Thus, as Vivero sees the change, there are now more boxing gyms and better coaching. Just in his small gym, there are six or seven coaches, depending on how you count them, since one of them is unofficial. That unofficial coach, tutored by the others, is a year away from being certified to teach the sport. He’s Erik Ramirez, a 17-year-old senior at Sunset High School.

“I used to box,” Erik says. “But the sport … takes a lot out of you. My last couple of fights, I wasn’t really feeling it anymore.” When he ultimately stopped boxing, he admits, he felt lost. Almost as if by habit, having boxed for five years of his relatively short life, Erik continued coming to the gym. Eventually, his former coach had him help with young boxers. It was an experience he enjoyed, especially since it meant staying involved with the sport—which he credits with keeping him out of trouble and instilling self-discipline. “They’ve offered me drugs and stuff,” Erik says of some of his peers. “But because of boxing, to stay in shape, I always say no.”

Coaching also offered Erik a chance to stay close to his younger brother, Figo, who remains a boxer. Erik helps to coach him. “Hopefully this takes me somewhere,” Erik says. “Sometimes I think about the future, what will happen if [Figo] turns pro, which I think he really will because he really likes the sport and he’s pretty good at it. If he turns pro, I want to be there with him.”

At the amateur level—away from the bright lights of Las Vegas, New York, or anywhere else where professional boxing is firmly established, away from the valid criticism of the brutal sport—boxing plays a different role in the life of the sport’s young participants. With Erik and Figo, along with many others, boxing is family. If not literally, then it becomes a figurative one. And in areas like Oak Cliff, boxing gyms play an important role in a community that faces socioeconomic change.

If you drive through the residential streets of Oak Cliff, you can see this change in the many construction trucks parked in front of houses being remodeled and the dumpsters filled with the insides of those gutted houses. You can feel it, economically, with escalating rents and property values. You notice it in who lives there, and how that demographic is changing as new construction spreads.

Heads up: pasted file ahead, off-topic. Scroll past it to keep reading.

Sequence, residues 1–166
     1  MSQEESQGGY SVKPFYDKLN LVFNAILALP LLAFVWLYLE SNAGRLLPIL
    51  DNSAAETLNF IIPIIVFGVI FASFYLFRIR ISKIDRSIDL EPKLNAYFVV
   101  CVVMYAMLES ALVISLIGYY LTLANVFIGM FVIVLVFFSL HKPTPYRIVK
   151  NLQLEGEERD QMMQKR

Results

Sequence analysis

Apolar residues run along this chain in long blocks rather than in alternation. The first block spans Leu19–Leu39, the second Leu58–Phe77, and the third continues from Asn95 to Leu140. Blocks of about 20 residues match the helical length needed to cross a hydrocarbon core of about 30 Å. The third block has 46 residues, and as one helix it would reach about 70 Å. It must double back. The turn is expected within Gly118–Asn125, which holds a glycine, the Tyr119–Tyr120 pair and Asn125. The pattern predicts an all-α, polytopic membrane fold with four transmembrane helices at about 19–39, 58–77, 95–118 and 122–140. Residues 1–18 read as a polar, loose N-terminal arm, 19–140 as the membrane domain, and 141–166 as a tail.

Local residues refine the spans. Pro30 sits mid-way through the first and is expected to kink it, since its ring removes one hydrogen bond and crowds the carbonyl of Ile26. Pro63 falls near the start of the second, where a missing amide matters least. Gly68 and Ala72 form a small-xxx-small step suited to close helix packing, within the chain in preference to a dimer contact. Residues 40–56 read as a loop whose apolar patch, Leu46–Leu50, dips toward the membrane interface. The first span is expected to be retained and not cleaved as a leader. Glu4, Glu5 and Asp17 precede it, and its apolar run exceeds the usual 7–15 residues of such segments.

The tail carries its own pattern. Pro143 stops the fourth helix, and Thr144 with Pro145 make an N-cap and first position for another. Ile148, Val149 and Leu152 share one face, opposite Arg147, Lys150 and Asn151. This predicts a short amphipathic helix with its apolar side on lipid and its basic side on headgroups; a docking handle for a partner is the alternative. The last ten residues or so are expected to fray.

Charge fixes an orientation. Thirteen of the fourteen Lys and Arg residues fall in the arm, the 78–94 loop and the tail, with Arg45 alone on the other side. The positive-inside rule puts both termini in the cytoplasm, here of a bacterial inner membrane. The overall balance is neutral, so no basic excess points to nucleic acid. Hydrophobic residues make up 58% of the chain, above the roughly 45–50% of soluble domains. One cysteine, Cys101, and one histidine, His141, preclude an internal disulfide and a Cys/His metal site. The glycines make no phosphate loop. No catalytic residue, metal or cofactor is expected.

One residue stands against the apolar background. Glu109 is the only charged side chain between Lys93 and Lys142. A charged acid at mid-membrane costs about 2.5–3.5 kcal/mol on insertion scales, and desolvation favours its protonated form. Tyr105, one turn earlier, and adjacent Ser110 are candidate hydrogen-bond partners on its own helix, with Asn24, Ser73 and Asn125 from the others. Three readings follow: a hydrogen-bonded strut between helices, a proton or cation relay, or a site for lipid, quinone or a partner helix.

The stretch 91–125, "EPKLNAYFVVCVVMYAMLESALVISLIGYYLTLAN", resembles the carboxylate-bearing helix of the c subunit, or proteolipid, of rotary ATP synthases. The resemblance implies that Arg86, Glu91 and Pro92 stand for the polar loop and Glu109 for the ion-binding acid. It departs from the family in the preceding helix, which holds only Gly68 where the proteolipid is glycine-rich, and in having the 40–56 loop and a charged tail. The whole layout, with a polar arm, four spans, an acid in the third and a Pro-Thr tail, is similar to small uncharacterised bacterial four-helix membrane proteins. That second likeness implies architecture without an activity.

“It’s coming this way,” Vivero responds when asked how he’s seen the area change in the 28 years that he’s owned the gym. It doesn’t need explanation. We all know what it means. “You know at Wynnewood Shopping Center, they’re gonna sink $30 million into it,” Vivero says, almost incredulous at the amount that’ll be invested in a shopping area that counts Fallas Paredes and El Rancho Supermercado—both catering largely to the Latino population—among its major retailers.

“So that’s why I tell you: it’s coming this way.”

The Bishop Arts district, for decades, was essentially abandoned, a cluster of forgotten, boarded-up shops. High school kids could hang out in alleys and on corners with no one bothering them. Now, of course, it is the epicenter of change in Oak Cliff. Signs are in English; just a few blocks south, they’re almost exclusively in Spanish. Commercial and apartment buildings are springing to life. Basic infrastructure—lighting and sewage among it—is being upgraded to the point that some streets are completely closed, at least for now. This section, to put it plainly, is whiter than the other areas around it. In fact, it seems like the only Spanish you hear comes from the construction workers.

This is a different Oak Cliff, separate from what the rest of the area is now and what the neighborhood was historically.

“Back in the day, when I was growing up, there was a lot of shootings,” says Freddy Narro, who grew up in Oak Cliff. “The gang violence was strong in the ’80s and the ’90s.” Narro—who works in construction, installing fire sprinklers—is now the head boxing coach at Casa Guanajuato, a community center that’s about a mile south of Bishop Arts and a block away from the abandoned Ice House Cultural Center.